Home' Scoop Homes and Art : Insite 28 Autumn 2011 Contents 120 INSITE AUTUMN 2011
hile the city’s gaze has
always been drawn to
the beautiful views of the
Swan River, it seems the
Wellington Street end of the city is on the
verge of getting a much-needed makeover.
With the proposed sinking of the railway
creating pedestrian links to Northbridge and
the Perth Cultural Centre, and the building
of the new multi-purpose Perth Arena, the
future looks very exciting. Revitalised, it
promises to become the heart of the Perth
CBD, connecting the city’s commercial,
retail and entertainment hubs.
So, more by luck, this area retains a
significant proportion of its original built
fabric, and is just the type of precinct to
attract forward-thinking developers, such
as Cbus Property, which is redefining attitudes
to the conservation and adaptive reuse of
heritage buildings by incorporating them
within the framework of modern designs.
As part of its new landmark development,
One40William, Cbus Property is restoring
and adapting the Wellington Buildings,
the Globe Hotel and the Bairds Building
on Wellington Street, plus the first-storey
facade of the classically styled Mitchells
Building on William Street.
The retention of these historic buildings
not only provides a human scale to the office
towers above, but, more importantly, creates
a context that preserves the stories of our
past and enhances our ‘sense of place’.
Architect Alice Steedman, from heritage
consultant firm Lovell Chen, says adaptive
reuse is applied to many buildings now
but the extent to which adaption occurs
varies considerably. For instance, although
the Wellington Buildings were originally
designed as offices, there is still considerable
adaptation required to bring them into line
with current standards.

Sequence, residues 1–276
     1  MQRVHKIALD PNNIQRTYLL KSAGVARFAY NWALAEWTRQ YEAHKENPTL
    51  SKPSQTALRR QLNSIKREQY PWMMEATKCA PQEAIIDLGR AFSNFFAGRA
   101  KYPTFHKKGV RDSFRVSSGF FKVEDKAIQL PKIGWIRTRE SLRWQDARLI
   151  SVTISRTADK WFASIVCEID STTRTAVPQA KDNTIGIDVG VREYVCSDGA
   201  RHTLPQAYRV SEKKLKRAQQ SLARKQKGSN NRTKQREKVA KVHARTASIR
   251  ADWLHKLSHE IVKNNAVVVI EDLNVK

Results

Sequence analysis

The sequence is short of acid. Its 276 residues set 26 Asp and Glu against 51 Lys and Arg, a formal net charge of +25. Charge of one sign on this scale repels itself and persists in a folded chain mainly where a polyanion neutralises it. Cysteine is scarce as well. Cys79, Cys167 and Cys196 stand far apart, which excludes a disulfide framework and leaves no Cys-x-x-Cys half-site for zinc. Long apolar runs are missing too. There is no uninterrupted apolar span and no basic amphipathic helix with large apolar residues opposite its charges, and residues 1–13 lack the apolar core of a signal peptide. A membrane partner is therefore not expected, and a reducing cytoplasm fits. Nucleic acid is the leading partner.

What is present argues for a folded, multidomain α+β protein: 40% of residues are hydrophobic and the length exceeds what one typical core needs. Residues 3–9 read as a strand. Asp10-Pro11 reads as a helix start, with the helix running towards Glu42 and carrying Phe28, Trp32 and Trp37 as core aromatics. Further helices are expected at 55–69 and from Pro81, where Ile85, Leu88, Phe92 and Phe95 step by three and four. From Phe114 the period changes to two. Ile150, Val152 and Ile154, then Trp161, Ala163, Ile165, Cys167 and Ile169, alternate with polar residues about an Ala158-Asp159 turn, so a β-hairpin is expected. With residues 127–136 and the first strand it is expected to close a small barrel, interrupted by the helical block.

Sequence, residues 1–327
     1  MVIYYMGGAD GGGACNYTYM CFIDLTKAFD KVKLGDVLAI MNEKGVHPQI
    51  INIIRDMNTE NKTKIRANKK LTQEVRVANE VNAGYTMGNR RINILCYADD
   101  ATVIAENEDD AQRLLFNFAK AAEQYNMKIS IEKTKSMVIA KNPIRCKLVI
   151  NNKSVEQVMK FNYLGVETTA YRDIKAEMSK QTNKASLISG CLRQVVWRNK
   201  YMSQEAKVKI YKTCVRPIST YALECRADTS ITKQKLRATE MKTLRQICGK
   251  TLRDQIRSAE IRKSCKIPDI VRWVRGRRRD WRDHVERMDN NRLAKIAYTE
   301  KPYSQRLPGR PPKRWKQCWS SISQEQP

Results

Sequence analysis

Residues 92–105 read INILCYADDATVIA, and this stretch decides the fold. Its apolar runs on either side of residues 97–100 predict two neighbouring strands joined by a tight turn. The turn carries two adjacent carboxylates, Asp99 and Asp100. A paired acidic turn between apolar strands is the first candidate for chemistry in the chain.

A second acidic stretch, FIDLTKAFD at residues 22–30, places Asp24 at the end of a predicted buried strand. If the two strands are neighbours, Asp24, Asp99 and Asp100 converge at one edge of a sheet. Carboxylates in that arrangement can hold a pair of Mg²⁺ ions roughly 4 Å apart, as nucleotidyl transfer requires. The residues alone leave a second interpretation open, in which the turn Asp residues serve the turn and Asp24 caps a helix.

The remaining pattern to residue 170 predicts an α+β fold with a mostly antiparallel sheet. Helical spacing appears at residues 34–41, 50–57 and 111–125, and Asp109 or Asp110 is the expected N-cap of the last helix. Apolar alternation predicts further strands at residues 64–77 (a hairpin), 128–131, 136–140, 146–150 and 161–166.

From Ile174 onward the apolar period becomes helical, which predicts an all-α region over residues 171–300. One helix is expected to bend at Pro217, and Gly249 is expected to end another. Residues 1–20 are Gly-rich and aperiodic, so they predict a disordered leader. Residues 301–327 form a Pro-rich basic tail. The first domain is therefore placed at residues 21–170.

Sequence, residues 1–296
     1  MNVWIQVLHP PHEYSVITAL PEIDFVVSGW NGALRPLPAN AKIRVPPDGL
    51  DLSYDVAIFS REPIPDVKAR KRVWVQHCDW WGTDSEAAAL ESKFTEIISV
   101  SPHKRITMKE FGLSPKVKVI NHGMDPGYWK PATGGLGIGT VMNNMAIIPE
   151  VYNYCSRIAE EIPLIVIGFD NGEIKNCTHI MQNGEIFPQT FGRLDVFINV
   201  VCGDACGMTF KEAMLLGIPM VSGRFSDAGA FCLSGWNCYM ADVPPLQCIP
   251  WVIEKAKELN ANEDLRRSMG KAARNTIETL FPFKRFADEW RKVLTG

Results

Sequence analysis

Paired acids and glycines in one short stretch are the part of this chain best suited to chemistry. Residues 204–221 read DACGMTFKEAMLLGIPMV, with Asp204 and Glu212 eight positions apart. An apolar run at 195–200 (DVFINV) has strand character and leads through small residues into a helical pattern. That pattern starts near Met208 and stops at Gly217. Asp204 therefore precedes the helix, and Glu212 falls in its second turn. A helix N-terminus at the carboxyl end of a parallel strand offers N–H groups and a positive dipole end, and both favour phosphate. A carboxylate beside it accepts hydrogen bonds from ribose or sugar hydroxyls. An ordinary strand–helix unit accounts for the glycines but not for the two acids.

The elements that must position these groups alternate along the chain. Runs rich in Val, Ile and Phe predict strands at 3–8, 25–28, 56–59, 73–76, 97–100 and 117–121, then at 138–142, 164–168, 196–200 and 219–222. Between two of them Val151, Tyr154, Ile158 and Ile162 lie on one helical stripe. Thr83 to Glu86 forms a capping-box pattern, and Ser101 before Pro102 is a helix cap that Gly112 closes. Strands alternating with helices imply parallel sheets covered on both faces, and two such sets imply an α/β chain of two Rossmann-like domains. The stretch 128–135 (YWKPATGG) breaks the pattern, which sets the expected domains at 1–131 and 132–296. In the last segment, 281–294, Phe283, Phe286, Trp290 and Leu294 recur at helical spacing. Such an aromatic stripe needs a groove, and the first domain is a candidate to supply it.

The Bairds Building, originally a store,
has changed its f unction to office space
and requires the installation of a lift and
air-conditioning. And the Globe Hotel’s
tiny rooms will need to be opened up to
create more usable spaces, but the nibs on
either side of the walls will be kept so the
original rooms can still be interpreted.
According to Alice, the challenges
of this kind of project depend upon the
level of dilapidation and how much of
the original fabric has been removed or
damaged. “Finding suitable replacement
fabric can be a challenge, as well as people
to manufacture the material according to its
original science,” she says.
A less desirable form of adaptive reuse
is the use of the facade of the Mitchell
Building, which was dismantled and stored
during the building of the railway tunnel
beneath the complex some years ago. Alice
says it was taken down on the proviso that
it would be reincorporated into the new
development. But because it is no longer
in its original location and has no building
behind it or underneath it, Alice says its
heritage value has been compromised.
The One40William development is also
the largest building in Perth to achieve a
Five-Star Green Star Office Design rating.
While the associated heritage buildings are
unable to achieve such impressive green
credentials, Alice says, “there is a lot of
‘embedded energy’ in the fabric of heritage
buildings and conserving them contributes
to the reduction of greenhouse gases”. I
Historic buildings add depth to the city centre
Architect Alice Steedman
The Globe’s reconstructed balcony and
(below) modern, sculptural fire escape.
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